Toyota MR2 - Low power, Less storage
Mazda Miata - Engine/Road noise, small interior, no anti-lock brakes standard
Audi TT Roadster - Price, Weight, base model only auto trans option,
BMW Z4 - Price
Nissan 350Z Roadster - Price, Weight
Pontiac Solstice - Unknown?
 

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Only the Miata and MR2 are direct competitors in that group. The next closest in price is $12K+ higher. The Solstice kills the Miata in styling, but the Miata has the advantage in weight and available aftermarket. And now with the Mazdaspeed version you will easily be able to increase the power to decent levels. The MR2 has some incredible looking body kits for it and if it was available in Canada I would probably already own one even though it is seriously underpowered from the factory.

I think the Solstice will slot in perfectly to this group and will be favoured, as a new release often is unless the Miata receives a good redesign by then, which it might.
 

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Discussion Starter #11
Price does not dictate direct competition. Yes you pay more for the German ones and they will have more bells and whistles but pound for pound how much different are the on the critical factors. How much of a BMW is for the name?
 

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mceb said:
Price does not dictate direct competition. Yes you pay more for the German ones and they will have more bells and whistles but pound for pound how much different are the on the critical factors. How much of a BMW is for the name?
Well if price is not the key factor in the overall buying decision, why are we not all driving C5 drop tops rather than wasting time looking at the Solstice?
 

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Discussion Starter #15
I guess what I meant is they are all roadsters so they are in the same class and can be compared as a unit. Some are more expensive due to import name plates, quality factors or fancy options but in the end the all have 4 wheels, no top and an engine. Price is a big factor for me on Solstice...just hope the quality holds up over time.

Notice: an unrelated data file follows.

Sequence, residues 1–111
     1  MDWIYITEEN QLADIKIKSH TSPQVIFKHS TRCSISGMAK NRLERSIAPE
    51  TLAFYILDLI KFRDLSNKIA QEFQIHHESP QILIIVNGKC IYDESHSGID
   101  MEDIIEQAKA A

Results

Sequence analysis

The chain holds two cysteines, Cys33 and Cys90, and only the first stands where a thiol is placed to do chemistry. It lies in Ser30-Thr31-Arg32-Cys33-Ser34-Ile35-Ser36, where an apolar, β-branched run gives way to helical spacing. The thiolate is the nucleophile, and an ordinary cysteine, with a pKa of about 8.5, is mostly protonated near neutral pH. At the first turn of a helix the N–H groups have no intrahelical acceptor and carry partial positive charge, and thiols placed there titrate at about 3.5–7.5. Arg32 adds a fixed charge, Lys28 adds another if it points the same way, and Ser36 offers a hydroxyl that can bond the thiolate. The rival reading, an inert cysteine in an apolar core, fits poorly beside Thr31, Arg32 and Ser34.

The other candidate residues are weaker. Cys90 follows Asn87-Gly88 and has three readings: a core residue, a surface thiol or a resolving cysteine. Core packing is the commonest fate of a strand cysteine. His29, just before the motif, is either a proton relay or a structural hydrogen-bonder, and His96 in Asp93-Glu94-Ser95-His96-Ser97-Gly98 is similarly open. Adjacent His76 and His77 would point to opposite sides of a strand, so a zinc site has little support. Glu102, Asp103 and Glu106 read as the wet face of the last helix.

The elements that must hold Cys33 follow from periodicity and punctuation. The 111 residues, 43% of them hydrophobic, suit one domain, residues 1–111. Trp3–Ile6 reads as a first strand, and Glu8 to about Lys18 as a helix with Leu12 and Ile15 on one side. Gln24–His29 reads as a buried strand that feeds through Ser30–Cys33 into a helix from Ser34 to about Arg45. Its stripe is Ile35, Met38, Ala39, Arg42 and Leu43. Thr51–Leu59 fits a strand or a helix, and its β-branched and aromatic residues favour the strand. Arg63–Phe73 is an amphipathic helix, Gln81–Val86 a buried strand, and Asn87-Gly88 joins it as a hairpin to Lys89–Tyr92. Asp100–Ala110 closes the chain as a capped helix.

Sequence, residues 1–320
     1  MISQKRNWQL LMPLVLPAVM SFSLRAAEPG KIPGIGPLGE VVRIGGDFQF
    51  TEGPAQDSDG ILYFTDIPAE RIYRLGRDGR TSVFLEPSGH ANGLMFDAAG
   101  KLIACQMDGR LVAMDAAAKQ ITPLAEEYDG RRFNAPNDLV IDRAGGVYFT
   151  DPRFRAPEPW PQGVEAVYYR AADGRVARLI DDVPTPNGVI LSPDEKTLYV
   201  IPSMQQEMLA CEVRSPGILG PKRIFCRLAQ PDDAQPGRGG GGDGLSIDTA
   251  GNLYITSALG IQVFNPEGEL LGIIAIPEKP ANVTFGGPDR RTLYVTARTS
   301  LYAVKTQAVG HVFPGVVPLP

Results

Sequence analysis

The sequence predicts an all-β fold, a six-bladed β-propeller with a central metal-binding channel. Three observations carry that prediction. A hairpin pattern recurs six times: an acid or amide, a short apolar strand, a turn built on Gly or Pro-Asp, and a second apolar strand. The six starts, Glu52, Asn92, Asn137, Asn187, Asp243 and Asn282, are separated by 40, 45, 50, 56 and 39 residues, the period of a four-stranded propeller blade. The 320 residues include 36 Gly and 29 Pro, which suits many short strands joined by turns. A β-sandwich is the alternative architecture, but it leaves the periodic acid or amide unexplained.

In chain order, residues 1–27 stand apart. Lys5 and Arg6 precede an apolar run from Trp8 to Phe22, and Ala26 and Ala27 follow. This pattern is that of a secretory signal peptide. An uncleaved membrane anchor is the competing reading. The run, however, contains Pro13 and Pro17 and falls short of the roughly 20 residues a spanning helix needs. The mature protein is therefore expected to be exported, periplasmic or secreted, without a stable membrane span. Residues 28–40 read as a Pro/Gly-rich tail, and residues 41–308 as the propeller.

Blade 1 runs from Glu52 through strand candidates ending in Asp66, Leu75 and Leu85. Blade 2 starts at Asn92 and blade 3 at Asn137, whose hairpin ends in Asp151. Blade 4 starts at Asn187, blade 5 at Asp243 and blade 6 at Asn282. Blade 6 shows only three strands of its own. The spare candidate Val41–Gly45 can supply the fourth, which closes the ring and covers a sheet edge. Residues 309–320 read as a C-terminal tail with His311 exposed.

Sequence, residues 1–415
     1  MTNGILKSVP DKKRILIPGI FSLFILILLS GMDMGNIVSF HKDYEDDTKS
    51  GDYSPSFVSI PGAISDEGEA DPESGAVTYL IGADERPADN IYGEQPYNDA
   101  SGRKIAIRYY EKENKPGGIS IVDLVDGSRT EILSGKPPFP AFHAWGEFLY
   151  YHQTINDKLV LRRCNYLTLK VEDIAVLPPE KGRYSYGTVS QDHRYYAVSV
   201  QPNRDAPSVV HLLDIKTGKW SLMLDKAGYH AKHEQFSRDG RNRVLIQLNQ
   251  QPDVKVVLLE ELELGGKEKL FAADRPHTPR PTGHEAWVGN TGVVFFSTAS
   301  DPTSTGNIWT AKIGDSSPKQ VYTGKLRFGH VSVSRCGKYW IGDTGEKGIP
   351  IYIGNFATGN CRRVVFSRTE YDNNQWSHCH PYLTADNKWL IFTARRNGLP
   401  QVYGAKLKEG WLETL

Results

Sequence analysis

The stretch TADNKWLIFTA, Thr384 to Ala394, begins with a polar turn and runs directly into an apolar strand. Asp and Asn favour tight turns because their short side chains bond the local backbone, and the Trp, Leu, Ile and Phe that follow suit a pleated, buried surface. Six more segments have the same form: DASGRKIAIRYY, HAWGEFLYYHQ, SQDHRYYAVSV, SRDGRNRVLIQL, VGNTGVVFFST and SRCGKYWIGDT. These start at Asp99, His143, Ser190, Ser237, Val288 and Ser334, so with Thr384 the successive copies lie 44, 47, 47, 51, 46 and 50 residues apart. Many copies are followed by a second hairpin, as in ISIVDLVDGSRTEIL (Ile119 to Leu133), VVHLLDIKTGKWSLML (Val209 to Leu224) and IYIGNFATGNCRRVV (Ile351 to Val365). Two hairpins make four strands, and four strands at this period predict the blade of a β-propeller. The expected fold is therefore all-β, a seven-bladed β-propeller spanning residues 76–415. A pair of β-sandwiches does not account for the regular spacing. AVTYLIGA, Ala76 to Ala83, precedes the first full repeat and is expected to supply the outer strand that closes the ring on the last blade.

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mceb said:
I guess what I meant is they are all roadsters so they are in the same class and can be compared as a unit. Some are more expensive due to import name plates, quality factors or fancy options but in the end the all have 4 wheels, no top and an engine. Price is a big factor for me on Solstice...just hope the quality holds up over time.
Understood. :wink
 

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I would say the obvious compitition is the Miata. General motors can't help but see how sucessful they have been and said to them selves, gee...what if? But I would also include Honda and BMW because General Motors has always wanted Pontiac to position themselves against those guys.

I guess it also compares to the MR2 but who the hell wants that thing! Slow, no trunk and it's ugly!
 

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The Miata and BMW Z4 seem like likely targets. It is interesting really - Pontiac wants to be the American BMW. Mazda wants to be the Japanese BMW. Just about everyone wants to be BMW, and the doors are opening with BMW's controversial (and often poorly received) styling changes.
 

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my expectations

I'm hoping for performance some where between the miata and the S2000. It shouldn't be hard unless they screw up on the handling.

I'm currently driving a 350Z and love the car but hate the service.
I don't think I would ever by another nissan product because of the poor service.

Another car I would consider is the Elise, but I'm a little leary of service on any type of import at the moment
 

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Heck even the Europeans put American powerplants in their chassis when they can get around the taxes: Cad-Allard, Facel-Vega, Sunbeam Tiger, and Morgan +8 are all examples (Cobra was an American doing it so doen't count).

Service will always be less expensive in the home country.

New GTO is first example of car from Oz with a US powerplant being sold here (and if you look at the brake plumbing you can tell where the pedal started out).

Suspect there are going to be even more left-over GTOs than Thunderbirds on the lots and that is really going to put pressure on Pontiac to hold the Solstice price point (plus needing a winner).